A dog of extraordinary intelligence, the Collie is a herding breed that makes an excellent leader and can quickly detect trouble. These highly trainable pups should be socialized at an early age and taught positive methods; Collies in particular make excellent companions for children due to their friendly personalities and playful dispositions.

Pet parents often opt for the Collie as they require little maintenance and can live comfortably in both urban and rural environments if given daily exercise. Collies love to run and play outside, but also take pleasure in taking leisurely walks around the neighborhood; thus, be sure to give them plenty of opportunities for physical activity.

Medium-sized Collie dogs feature pointed snouts and can be either smooth or rough-coated. Color options range from sable (think Lassie), tricolor (black with white markings and tan shadings), and white or blue merle. No matter which option you opt for – rough coat or smooth – both require regular brushing to prevent matting and keep their coats clean.

When adopting a Colllie from a shelter or rescue group, be sure to inquire about its health history and any known issues. Be on the lookout for conditions common among Collies, such as hip dysplasia and cataracts, which are relatively easy to spot.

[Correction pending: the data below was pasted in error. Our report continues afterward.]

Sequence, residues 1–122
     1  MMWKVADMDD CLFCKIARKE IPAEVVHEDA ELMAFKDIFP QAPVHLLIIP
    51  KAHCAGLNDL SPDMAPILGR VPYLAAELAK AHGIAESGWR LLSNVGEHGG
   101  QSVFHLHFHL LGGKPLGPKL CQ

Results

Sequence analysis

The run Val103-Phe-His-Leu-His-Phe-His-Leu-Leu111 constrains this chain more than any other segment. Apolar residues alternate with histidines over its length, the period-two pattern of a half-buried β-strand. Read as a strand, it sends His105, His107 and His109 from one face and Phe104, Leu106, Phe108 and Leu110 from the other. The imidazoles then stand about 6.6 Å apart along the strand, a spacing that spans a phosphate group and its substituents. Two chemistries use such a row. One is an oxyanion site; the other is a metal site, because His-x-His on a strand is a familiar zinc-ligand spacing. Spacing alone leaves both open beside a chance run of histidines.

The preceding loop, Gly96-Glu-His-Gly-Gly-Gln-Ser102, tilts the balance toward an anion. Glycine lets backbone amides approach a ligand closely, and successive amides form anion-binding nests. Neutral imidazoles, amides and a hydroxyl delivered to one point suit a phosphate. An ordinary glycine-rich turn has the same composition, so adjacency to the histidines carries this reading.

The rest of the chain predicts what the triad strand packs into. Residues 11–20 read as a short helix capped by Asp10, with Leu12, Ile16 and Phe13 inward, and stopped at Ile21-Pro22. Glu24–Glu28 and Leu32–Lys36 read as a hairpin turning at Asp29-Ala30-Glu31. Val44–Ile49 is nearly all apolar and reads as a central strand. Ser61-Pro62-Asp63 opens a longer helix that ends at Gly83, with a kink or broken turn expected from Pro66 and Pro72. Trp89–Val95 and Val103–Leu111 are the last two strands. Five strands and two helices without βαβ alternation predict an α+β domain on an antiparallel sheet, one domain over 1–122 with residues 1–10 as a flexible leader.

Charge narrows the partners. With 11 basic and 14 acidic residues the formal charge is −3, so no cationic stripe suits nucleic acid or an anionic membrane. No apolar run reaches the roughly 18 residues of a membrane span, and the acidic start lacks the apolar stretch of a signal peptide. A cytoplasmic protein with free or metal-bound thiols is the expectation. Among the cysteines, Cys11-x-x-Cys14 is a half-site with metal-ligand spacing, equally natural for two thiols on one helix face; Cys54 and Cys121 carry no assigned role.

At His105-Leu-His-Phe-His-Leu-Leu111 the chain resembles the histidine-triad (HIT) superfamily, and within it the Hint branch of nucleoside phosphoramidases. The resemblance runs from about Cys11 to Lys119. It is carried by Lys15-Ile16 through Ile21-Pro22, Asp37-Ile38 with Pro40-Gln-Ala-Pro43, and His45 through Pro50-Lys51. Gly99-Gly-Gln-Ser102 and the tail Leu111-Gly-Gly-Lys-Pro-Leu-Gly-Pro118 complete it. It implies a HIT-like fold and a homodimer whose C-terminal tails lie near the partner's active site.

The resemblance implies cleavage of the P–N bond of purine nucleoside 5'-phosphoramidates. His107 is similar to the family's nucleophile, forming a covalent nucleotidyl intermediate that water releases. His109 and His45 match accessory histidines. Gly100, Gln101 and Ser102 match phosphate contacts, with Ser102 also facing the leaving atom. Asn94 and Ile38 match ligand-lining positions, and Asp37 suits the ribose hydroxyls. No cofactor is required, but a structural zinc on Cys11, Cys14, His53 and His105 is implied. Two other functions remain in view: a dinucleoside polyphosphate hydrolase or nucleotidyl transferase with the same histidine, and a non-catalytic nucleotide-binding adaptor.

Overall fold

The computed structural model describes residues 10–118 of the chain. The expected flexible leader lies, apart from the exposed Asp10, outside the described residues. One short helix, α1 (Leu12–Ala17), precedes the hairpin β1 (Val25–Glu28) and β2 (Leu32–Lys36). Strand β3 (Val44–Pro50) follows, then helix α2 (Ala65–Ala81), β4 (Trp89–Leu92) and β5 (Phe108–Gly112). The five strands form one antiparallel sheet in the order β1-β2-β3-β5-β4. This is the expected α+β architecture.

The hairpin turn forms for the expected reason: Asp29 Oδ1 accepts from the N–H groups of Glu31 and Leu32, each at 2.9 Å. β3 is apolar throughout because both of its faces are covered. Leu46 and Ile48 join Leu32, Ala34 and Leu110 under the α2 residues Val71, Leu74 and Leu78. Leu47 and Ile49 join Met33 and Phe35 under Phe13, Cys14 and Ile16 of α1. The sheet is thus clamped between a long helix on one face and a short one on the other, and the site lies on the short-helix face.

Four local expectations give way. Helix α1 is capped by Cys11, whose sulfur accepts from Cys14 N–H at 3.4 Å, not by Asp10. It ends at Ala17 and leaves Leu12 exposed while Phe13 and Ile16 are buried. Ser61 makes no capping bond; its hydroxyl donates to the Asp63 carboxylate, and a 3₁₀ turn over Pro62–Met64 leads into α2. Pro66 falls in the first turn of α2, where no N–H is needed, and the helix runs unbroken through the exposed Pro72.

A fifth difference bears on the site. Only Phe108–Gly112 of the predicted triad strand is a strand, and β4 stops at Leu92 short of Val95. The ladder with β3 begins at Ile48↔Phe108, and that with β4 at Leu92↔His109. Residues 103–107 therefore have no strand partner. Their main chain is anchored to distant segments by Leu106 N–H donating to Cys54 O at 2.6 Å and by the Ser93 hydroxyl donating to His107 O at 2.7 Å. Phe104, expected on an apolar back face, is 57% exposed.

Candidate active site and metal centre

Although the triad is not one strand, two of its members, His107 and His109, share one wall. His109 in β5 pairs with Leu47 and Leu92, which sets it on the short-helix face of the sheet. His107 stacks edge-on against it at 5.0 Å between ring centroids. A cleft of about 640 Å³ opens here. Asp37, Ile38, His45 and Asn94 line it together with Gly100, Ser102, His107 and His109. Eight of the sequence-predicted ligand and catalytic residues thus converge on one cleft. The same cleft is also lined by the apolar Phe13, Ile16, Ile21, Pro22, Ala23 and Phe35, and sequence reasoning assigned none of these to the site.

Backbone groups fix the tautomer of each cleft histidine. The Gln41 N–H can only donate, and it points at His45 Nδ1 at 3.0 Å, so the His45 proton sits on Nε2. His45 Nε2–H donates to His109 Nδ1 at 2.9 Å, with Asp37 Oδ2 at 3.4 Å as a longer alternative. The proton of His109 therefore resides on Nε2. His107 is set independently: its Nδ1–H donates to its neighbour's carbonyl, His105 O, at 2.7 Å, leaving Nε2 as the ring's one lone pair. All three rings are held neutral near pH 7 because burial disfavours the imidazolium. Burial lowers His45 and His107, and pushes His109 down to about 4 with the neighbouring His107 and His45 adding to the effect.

Some of these health conditions can be serious, so it’s essential to get your Collie checked out by the vet as soon as you bring him home. In addition to routine vet visits, continue monitoring your dog for signs of illness or injury – especially during hot weather.

Collie Eye Issues
Collies’ eyes are highly sensitive and vulnerable to damage from light sources. In addition, many Collies develop Progressive Retinal Atrophy or PRA – which destroys the retina over time – leading to night blindness or daytime vision loss in some dogs, though most adjust well if kept in an environment with similar lighting levels. This condition may cause night blindness or daytime vision loss depending on its severity; however, most can adapt well if their environment remains unchanged.

This autoimmune disease causes inflammation and redness on the skin which can be painful. It’s inherited and treated with medication; however, it tends to affect any area of the body but is most common on feet and legs but may also affect the chest or abdomen.

Pemphigus Foliaceous
This autoimmune disorder is inherited and causes hair loss and crusty skin on the nose and ears, usually on top of or inside of ear flaps. It’s treated with corticosteroids.

Ears and Nails
Collie dog’s ears should be examined weekly for wax buildup, ear infections, or abnormalities. They should also have their nails clipped once a month and cleaned with a cotton ball dampened in pH-balanced ear cleaner to prevent infections and odor.

Teeth and Gums
Brush the teeth of a Collie at least twice weekly. Additionally, use dental chews to help remove tartar and plaque buildup.